Poet Larry Harris from Redding shared three poems of personal experience describing the struggles and victory that his family experienced through their daughter’s bout with mental illness. It was a tale of hope prevailing over despair.

After a period of substance abuse resulting in mental breakdown, his daughter successfully went through therapy and recovery and now leads a successful happy life as an actress.

In one particularly poignant poem, Harris talked about his daughter going to a Simon and Garfunkle concert in San Francisco on her own after rehab. Harris shared the emotion a parent goes through as he experiences the restoration of trust, letting go and watching his child emerge as a happy independent young woman.

Michael Bennett and Kimberly Michelle Davis from the Circle of Friends in Burney both sang songs. Bennett charmed people with an a capella rendering of Mac Davis “Oh Lord it’s Hard to be Humble.” Ms. Davis once again delighted the audience as she sang Broadway show tunes in her lovely soprano voice.

A young lady who had traveled two hours to attend got up and recited a short poem.

A highlight of the evening was the personal testimony of David Martinez, a spokesman for Stand Against Stigma’s Brave Faces who has suffered from depression, anxiety and PTSD. Mr. Martinez is a member of the Wintu tribe. He has been a biker, a cowboy and an EMT for the fire department. He has also worked in Redding as a substance abuse counselor. After sharing his story, Martinez shared two popular songs, “Pancho and Lefty,” and “City of New Orleans”.

A testimony and two songs from an elder

Singer-songwriter Mauro livened things up with several of his original songs.

Mauro sings some soul stirring originals

Next, the audience was treated to a performance of Native American Rap by Louis Gustafson and his family. As well as singing, Gustafson also plays bass and performs with Pit Crew. He also is a wonderful drummer who performed at the 2015 Burney Basin Days with the Pit River Nation Drum Group.

Louis Gustafson and his family performing Native American rap

The evening was closed out by Alex Colvin and George Whitfield. Colvin opened with a poem “In This World of Heart and Mind” expressing the healing power of love and then sang “Live for Others.” Alex and George then sang “Ghost Riders in the Sky” together.

Before singing two songs,  “Sounds of Silence” and “Vietnam Song.” George talked about the seriousness of mental illness and suicide plaguing our country. Seventeen veterans die every day from suicide.

“Don’t let stigma stand in your way,” Whitman said, “If you feel like your life is going to pieces, reach out for help.”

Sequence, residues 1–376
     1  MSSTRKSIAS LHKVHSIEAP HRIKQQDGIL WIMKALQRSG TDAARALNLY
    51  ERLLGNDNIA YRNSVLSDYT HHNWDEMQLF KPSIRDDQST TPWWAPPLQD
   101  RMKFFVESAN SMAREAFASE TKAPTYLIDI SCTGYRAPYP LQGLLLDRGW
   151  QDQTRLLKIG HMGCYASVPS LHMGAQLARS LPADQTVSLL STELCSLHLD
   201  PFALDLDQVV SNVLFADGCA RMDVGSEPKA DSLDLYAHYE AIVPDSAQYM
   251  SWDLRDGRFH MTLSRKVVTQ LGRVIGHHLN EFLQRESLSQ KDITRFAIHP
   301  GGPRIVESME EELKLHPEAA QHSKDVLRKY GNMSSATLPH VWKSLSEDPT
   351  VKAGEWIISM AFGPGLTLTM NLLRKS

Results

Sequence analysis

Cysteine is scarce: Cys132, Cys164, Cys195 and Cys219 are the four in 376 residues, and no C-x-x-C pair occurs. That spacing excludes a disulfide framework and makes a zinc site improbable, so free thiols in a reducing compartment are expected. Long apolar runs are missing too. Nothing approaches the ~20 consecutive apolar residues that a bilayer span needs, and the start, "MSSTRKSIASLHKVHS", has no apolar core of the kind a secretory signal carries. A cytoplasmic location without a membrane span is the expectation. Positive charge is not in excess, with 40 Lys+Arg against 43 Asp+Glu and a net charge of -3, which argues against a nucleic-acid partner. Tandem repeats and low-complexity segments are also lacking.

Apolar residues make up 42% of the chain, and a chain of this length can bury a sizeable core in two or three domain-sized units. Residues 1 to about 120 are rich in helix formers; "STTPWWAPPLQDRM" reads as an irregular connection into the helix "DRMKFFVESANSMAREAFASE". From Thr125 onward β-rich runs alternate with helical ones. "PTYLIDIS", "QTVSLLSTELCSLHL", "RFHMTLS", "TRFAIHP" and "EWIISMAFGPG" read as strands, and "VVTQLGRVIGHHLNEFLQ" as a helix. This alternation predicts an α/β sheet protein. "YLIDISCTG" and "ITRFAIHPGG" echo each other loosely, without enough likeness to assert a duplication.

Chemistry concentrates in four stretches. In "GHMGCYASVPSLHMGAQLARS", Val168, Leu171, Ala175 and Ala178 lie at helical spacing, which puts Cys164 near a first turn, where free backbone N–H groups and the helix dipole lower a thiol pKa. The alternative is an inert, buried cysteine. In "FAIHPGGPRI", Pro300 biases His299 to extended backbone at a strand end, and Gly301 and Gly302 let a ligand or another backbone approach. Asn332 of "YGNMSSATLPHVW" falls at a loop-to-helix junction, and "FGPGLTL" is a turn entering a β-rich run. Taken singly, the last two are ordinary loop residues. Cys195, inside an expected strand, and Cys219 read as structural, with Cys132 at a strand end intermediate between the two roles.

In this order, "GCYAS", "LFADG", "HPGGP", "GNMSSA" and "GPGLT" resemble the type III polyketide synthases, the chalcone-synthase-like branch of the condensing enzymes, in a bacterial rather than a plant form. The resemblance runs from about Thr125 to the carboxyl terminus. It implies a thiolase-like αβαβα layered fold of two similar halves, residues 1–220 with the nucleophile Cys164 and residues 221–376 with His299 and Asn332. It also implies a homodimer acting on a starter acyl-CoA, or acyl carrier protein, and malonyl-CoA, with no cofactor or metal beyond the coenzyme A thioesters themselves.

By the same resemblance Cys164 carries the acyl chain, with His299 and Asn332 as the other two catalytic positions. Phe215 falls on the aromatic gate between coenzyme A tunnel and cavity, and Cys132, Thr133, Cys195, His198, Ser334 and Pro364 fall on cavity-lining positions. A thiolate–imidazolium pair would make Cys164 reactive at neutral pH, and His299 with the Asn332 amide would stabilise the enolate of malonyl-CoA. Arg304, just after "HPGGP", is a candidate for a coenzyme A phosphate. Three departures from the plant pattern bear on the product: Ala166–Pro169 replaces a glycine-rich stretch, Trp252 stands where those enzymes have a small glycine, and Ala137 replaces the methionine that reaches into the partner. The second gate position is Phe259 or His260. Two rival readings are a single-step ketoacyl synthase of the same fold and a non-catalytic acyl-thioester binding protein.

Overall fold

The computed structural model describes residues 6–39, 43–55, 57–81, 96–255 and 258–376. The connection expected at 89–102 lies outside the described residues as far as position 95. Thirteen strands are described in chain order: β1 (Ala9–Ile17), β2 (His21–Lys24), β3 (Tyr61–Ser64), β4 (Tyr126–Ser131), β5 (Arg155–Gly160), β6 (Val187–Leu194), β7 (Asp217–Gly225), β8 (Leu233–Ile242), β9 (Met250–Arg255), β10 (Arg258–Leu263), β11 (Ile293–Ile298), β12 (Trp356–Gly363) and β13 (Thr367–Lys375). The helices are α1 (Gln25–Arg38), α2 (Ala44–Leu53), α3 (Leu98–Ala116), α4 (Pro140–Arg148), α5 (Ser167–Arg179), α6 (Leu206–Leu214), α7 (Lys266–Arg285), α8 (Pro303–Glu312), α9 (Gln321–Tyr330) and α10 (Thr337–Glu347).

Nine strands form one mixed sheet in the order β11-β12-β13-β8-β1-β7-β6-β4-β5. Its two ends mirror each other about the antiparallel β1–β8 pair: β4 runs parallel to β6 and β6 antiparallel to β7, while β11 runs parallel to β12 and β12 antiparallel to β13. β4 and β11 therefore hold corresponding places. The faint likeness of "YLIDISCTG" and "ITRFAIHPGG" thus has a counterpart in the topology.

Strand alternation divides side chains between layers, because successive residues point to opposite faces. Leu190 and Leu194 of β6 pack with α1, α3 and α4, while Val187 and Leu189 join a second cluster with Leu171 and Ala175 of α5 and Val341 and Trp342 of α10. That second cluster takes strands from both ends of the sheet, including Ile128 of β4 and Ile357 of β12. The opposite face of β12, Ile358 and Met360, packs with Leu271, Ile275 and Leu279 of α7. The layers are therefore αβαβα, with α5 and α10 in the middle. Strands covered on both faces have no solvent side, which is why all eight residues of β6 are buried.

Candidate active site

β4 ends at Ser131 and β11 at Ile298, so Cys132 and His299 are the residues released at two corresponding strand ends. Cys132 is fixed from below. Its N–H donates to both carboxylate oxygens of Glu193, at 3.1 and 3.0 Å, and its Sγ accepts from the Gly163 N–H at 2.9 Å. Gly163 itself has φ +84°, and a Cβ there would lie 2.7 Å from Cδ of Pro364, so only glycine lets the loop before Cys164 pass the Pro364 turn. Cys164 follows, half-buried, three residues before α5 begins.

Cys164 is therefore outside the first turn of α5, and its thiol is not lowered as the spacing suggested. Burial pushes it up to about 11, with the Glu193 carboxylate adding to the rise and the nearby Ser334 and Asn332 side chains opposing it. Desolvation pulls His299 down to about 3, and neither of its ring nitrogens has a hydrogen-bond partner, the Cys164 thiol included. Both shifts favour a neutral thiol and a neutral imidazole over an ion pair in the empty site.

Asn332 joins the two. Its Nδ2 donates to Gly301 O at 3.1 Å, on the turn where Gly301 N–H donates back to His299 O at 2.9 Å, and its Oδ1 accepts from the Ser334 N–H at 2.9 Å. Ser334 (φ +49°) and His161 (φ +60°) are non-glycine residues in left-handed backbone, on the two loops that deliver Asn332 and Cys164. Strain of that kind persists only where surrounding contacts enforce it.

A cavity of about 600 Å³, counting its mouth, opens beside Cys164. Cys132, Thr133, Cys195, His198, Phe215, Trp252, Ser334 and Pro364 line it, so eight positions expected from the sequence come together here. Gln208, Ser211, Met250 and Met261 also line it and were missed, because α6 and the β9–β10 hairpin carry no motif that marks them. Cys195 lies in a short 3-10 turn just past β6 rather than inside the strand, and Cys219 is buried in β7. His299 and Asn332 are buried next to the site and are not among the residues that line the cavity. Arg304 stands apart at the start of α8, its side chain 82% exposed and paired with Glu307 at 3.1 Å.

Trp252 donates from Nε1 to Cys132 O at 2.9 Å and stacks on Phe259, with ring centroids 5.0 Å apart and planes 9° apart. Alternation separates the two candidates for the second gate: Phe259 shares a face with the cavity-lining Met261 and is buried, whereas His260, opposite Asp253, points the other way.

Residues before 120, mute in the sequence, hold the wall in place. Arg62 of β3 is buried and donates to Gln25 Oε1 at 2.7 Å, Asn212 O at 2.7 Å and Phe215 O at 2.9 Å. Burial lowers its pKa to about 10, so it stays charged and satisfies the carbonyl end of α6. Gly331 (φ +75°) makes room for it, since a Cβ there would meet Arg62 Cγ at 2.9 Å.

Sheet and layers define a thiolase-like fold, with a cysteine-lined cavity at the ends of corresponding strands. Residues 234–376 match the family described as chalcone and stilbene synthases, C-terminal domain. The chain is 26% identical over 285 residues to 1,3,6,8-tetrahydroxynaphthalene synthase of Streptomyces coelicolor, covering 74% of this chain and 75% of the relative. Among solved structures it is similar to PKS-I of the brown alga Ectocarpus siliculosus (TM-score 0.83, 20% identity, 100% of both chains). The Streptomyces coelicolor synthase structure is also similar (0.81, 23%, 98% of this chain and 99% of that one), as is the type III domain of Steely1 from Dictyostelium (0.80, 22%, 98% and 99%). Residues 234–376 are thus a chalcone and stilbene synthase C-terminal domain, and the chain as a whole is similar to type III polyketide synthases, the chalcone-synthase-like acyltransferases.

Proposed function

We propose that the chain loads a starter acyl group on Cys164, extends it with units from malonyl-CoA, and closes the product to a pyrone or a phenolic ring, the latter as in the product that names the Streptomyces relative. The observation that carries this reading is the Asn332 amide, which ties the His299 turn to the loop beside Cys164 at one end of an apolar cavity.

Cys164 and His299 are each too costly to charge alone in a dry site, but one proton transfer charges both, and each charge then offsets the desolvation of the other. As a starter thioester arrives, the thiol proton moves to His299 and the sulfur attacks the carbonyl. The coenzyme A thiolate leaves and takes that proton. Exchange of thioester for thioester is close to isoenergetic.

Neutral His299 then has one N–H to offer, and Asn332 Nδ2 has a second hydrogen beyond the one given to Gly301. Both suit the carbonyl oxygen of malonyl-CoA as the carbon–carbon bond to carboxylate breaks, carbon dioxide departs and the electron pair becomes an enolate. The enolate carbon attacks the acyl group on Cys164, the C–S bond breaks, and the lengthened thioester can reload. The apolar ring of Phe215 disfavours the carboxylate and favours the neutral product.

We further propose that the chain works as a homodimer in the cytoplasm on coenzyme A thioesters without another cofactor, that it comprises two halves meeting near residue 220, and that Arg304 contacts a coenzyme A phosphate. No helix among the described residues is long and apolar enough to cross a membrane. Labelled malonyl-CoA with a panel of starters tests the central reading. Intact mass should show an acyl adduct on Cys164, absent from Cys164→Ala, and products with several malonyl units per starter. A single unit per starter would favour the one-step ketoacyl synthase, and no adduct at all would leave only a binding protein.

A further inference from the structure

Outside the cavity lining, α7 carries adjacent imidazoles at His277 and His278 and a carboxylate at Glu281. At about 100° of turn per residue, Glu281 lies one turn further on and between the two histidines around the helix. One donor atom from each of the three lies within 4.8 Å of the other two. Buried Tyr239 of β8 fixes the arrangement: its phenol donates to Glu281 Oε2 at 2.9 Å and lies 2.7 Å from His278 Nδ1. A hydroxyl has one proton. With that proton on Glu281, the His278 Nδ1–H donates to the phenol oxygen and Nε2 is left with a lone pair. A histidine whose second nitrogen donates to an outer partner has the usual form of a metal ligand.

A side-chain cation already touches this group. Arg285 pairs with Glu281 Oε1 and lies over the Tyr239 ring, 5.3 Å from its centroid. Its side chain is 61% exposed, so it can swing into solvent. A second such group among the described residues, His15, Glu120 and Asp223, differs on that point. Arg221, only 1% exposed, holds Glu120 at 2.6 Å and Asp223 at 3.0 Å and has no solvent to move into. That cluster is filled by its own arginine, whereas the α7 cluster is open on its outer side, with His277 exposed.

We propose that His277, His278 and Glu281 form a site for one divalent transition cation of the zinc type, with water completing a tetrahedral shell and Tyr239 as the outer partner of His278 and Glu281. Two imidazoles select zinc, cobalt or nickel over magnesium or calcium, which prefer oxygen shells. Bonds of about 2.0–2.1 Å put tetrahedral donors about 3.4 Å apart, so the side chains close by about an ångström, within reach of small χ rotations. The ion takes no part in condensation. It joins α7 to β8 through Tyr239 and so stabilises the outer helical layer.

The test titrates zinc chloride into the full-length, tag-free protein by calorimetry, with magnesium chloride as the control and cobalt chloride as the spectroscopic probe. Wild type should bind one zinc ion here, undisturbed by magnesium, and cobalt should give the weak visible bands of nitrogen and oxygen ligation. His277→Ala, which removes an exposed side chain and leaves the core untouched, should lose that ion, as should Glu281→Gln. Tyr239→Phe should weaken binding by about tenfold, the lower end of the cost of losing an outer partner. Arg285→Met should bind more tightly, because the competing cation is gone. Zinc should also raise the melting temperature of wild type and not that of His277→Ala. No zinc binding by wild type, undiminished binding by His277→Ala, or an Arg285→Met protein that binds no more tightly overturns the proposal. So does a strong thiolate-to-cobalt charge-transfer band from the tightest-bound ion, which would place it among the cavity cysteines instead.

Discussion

Leave a comment

Filed under Art, Hope is Alive!, Mental Health, Montgomery Creek, Pit River Tribe

Shasta county indigenous leaders, and youth to share lessons from standing rock

Press release from Indigenous Peoples’ Day – Shasta County
Click on image to enlarge

Click on image to enlarge

Redding, Calif. – At the FREE “Standing Rock Comes Home” community forum, Shasta County indigenous leaders, educators and youth will discuss their experiences visiting the Standing Rock spiritual camp in North Dakota where indigenous people and supporters have resisted the construction of the Dakota Access Pipeline. They will also discuss “local DAPLs”, big projects such as the proposed raise of Shasta Dam and Medicine Lake geothermal plants that would damage or flood sacred sites and could risk further contamination of the state’s water supply.

The forum will be held 3-5 p.m. Saturday, Jan. 28 at the United Methodist Church community room, 1825 East St., in Redding. Following the panel discussion, there will be a potluck dinner and musical performances by Native American hip hop artists, spoken word poets and local folk rock artists Feral Tortie.

Panelists will include:

  • Mickey Gemmill Jr, Chairman of the Pit River Tribe
  • Rod Lindsay, Director of the Local Indians for Education Center in the City of Shasta Lake
  • Jack Potter, Chairman of the Redding Rancheria
  • Caleen Sisk, Traditional Chief and Spiritual Leader of the Winnemem Wintu

The Dakota Access Pipeline would extend 1,168 miles across many states including North Dakota to carry crude oil from the Bakken oil fields to Illinois, where it will link with another pipeline to transport oil to refineries along the Gulf of Mexico. Members of the Standing Rock Sioux, who say the pipeline violates their treaty as well as federal law and that a spill would threaten their water supply, began a spiritual resistance against the pipeline this summer that has brought international attention and support.

This event is organized by Indigenous Peoples’ Day – Shasta County, an organization of Native and non-Native people formed to respectfully promote an accurate and inclusive history of the United States, the West and Northern California that recognizes the humanity and vitality of Pre- and Post-colonial indigenous societies.

Leave a comment

Filed under Pit River Tribe